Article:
I have years of my own resolutions that I have made and not followed through on. That has changed and I now follow through more often. However, it isn’t because of more will power or determination. It’s because I “gave up” and settled into what is real for me. My reality is that my core patterns revolve around being a victim. I was a victim and it was reinforced every day, until I became aware of being a victim was. I couldn’t solve what I wasn’t aware of. Although I made a lot of progress in 2002 after I began to use the expressive writing exercise, it wasn’t until I even learned the word, “victim”, did I begin to truly heal. I certainly had no clue that the word applied to me. In my mind, I had been “enlightened” for years, as I had done a lot of personal work.
By settling into what was and is for me, I’ve been able to move forward. I did the Hoffman process in 2009, which gave me even more clarity. It was there I learned that the victim role is permanent and will continue to manifest itself in more and more subtle ways, especially when I work even harder to disguise it and remain “enlightened”.
I had another insight as to why I was able to re-create my life. I recently read a book, How Emotions are Made, by Lisa Feldman Barrett. She runs a neuroscience research lab and presents data explaining the formation of human consciousness. Every millisecond we are interpreting sensory input to make sense out of environment, including thought and concepts. They become imbedded in our brains and are our version of reality. The are as real to us as the chair you are sitting in. You are programmed by your past. I was initially discouraged about this idea until she pointed out that from this second forward you have a choice about how you want to program your nervous system. Repetition is key and I found it encouraging that I have that much choice about my life and what reality I want to create.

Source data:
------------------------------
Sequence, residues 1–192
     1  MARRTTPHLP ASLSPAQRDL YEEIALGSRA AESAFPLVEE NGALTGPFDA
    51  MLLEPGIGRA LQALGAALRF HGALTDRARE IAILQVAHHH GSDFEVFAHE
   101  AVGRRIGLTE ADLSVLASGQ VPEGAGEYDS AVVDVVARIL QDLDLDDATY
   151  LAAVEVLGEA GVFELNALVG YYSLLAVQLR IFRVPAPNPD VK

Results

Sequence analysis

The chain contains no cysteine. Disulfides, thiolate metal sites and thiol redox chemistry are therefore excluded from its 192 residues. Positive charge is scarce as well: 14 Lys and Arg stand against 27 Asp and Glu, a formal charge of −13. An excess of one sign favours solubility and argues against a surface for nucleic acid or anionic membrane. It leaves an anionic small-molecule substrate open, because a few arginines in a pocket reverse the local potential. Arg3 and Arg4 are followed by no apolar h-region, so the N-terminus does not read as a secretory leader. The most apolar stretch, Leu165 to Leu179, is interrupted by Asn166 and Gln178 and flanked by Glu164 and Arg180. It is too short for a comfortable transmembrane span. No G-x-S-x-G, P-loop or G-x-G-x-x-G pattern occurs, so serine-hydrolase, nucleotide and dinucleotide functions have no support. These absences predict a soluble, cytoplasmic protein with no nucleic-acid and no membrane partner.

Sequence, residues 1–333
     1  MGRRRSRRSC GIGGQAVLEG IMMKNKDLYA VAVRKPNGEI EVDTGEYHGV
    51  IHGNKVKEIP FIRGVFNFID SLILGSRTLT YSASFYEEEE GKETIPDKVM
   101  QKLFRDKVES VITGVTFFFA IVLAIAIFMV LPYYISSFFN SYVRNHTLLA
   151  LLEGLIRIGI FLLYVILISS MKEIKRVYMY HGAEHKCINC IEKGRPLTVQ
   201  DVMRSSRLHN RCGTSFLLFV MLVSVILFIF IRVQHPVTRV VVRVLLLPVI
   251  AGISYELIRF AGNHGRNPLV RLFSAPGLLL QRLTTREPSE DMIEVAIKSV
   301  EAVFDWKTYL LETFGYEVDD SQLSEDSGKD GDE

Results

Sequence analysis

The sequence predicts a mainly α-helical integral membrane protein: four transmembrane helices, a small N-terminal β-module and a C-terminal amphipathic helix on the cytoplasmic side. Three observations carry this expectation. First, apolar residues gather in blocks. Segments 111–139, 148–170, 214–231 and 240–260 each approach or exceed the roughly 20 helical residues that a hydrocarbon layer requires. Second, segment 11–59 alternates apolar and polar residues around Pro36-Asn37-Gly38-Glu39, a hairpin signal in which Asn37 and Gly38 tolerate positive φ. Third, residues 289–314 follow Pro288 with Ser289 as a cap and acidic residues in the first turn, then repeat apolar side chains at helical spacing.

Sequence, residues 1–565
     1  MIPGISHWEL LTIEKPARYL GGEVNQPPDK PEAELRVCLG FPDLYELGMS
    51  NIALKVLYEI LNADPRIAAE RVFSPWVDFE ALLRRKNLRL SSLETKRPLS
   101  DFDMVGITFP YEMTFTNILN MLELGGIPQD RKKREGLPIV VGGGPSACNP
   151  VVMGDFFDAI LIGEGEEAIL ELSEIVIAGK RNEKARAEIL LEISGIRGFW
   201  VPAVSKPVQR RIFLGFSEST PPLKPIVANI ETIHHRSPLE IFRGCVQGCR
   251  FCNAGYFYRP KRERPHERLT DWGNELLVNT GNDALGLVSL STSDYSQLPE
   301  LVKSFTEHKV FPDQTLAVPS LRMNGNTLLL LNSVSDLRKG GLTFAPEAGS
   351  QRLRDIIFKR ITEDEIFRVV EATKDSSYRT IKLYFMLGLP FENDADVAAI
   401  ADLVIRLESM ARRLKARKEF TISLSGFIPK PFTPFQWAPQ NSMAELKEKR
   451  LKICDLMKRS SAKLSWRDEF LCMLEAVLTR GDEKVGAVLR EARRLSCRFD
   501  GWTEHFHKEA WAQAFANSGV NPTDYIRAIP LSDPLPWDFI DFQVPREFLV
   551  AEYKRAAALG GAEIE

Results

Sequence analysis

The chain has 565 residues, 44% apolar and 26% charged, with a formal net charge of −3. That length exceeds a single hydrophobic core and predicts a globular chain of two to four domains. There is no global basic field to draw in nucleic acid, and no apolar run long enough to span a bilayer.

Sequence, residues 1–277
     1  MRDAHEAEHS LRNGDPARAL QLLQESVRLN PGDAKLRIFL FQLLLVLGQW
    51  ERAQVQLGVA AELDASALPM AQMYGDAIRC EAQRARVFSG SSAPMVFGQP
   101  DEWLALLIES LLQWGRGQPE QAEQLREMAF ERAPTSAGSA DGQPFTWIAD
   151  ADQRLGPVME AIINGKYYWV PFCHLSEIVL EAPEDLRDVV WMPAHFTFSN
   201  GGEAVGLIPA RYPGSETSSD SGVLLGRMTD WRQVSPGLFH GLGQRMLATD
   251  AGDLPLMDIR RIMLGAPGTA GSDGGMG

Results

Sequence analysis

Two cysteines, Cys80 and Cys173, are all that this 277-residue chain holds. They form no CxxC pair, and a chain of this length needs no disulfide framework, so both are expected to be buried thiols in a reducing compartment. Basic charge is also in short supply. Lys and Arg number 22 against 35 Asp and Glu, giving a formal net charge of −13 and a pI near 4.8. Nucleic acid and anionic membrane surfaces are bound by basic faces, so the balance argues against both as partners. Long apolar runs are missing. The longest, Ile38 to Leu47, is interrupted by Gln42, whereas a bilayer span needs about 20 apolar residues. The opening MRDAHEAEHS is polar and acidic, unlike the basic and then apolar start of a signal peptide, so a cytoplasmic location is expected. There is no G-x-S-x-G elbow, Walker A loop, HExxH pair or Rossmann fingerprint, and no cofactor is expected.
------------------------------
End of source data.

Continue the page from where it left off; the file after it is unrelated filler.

A while ago another level of awareness arose in me. It was that essentially my whole being was created around truly being victim. I had been trying to fix and solve it for decades. However, if victim part of me “disappeared”, I would cease to exist as me. When I finally learned that the answer was to assimilate it, I’ve been able to create a reality that is rich, functional, productive, rewarding and a lot of fun. Solving the unsolvable
I would suggest that one resolution that’s more possible to keep is simply committing to becoming more aware. It isn’t possible to solve anything unless you understand the nature of the issues. I spent over three decades doing battle with adversaries that I didn’t know or see. I just kept fighting and fighting. Settling in and “being” takes much less effort. Paradoxically, you will have more energy to actually accomplish your dreams.
- Felitti VJ, Anda Rf, Nordenberg D, et al. The relationship of adult health status to childhood abuse and household dysfunction. American Journal of Preventive Medicine (1998); 14:245-258.
- The New Dictionary of Cultural Literacy, Third Edition, Houghton Mifflin Company, 2005.